The group of northern suburbs of Brisbane includes Albion, which is an inner north-eastern suburb. It is about 5 kilometres from the CBD and belongs to the electorate of Brisbane. Boundaries around it include Ascot in the east, Windsor to the west, Wooloowin in the north, and Newstead in the south.
Going around and about Albion, you are likely to enjoy looking at the different housing styles. There are the modern brick houses, the unit blocks and even the old cottages which were homes to former workers. The name of Albion was coined from the Albion Hotel. It was built by Thomas Hayseldon where they said that England’s white cliffs were his inspiration for its name.
Census conducted in the year 2011 yielded data showing Albion residents numbering to 1,986. Its population density is about 17.04 persons per hectare. There were 48.4% females and 51.6% males. The median age of the population reflected that it was 33 years old which was about 4 years younger than the average Australian.
Income ($/weekly): The median weekly income of an individual in Albion is $819. On the other hand, an average household has a weekly median income of $1,493.
Employment: Of the total number of employed residents of Albion in 2011, 65.2% have full time employment while 24.6% have part time employment. Albion has an unemployment rate is 4.7%.
Lifestyles and People (top 5): The lifestyles demographics of residents in Albion reflect the percentage of 24.9% being Independent Youth, 21.3% being Maturing & Established Independence, 10.6% being Elderly Singles, 10.4% being Older Independence, and 10.0% being Established Couples & Families.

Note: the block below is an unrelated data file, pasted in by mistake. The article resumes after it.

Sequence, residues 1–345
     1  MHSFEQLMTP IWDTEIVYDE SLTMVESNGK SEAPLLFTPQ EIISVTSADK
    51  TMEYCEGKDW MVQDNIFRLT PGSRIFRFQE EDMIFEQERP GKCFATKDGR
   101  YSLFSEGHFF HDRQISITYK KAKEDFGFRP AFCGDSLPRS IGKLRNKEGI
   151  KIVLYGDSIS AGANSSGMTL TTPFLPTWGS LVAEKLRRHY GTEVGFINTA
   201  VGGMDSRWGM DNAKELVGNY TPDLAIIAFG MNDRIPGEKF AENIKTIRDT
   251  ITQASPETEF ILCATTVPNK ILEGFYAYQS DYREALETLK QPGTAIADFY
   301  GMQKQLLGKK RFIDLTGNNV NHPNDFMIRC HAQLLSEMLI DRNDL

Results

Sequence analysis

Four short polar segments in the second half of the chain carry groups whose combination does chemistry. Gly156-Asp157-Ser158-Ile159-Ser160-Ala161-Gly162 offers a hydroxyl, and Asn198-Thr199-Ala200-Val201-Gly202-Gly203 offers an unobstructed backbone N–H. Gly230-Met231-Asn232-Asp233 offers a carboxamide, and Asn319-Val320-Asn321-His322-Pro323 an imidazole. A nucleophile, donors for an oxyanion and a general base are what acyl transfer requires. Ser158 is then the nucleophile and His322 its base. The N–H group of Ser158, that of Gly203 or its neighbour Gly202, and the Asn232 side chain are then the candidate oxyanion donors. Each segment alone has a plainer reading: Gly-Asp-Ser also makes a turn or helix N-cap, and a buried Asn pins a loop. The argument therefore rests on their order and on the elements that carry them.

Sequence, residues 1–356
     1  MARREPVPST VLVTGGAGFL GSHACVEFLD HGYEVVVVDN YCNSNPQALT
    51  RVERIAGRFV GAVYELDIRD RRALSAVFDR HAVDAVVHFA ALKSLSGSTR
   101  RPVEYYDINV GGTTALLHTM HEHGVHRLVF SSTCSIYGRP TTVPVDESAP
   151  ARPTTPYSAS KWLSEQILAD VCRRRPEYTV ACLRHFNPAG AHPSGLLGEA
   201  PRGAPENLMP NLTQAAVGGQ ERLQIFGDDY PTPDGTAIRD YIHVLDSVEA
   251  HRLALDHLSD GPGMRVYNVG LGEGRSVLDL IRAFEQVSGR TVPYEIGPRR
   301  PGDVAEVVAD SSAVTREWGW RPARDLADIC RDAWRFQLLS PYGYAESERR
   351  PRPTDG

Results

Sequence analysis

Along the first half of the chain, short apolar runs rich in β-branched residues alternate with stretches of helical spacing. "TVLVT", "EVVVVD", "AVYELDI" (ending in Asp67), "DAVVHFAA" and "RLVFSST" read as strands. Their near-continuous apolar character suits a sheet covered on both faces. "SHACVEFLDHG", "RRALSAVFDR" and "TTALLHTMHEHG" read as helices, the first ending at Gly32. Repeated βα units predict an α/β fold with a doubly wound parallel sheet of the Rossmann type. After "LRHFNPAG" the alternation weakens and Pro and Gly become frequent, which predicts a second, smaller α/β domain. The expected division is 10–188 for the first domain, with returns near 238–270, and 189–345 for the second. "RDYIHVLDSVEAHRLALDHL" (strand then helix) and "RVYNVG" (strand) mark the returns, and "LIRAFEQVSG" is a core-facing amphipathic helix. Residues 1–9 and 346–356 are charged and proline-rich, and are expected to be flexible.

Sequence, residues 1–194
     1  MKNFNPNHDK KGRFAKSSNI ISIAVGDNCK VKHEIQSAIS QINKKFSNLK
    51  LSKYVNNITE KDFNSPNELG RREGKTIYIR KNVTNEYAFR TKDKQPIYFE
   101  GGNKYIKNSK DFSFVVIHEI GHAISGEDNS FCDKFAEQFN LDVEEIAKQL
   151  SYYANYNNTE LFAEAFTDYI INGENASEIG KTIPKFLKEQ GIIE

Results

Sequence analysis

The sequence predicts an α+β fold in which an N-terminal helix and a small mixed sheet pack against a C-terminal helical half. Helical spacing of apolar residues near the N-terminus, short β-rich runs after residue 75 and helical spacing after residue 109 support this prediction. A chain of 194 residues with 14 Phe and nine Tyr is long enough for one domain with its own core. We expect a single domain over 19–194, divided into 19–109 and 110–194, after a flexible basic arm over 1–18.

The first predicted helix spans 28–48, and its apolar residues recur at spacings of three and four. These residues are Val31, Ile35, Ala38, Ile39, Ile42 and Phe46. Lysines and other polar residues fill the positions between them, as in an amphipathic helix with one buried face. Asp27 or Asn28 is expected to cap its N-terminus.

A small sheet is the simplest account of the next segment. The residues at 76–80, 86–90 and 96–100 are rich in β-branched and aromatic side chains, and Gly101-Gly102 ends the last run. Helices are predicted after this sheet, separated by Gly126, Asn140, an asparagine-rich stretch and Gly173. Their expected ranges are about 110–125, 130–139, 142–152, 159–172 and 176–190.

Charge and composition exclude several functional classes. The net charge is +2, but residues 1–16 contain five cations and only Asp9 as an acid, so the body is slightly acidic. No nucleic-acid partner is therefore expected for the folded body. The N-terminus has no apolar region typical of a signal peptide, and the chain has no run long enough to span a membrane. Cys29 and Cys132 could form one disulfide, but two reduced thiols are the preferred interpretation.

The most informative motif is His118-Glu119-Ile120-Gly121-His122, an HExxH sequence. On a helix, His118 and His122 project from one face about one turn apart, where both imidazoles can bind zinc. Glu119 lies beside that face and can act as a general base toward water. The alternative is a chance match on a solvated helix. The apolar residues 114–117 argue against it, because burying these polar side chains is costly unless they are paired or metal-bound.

Public transport in Albion includes train service. Albion railway station on the Queensland Railway Citytrain network has lines on the Airport, Doomben, Caboolture, Shorncliffe and Sunshine Coast providing access to services.
If you are one of those who are more inclined to healthier transport options and are looking into cycling, then it should be good news that bike friendly roads in Albion are accessible. Streets which are bike friendly include McLennan street, Wakefield street and Bridge street.
Sending your child to school in Albion should point you to the ones in nearby Ascot. St. Margaret’s Anglican Girls School down in Petrie street is one of them. Should you look for other options, you may also check out schools in other nearby suburbs.
Although Albion is mostly residential, it is also a biggie on the recreational side. Residents could enjoy several parks and sports fields. One of the popular destinations is the Crosby Park when it comes to fun and leisure. Within range are the Allan Border Field, Jack Ross Oval, Brothers Community Sports Club. You can also find several basketball courts, car parks and picnic areas with dog off-leash parks.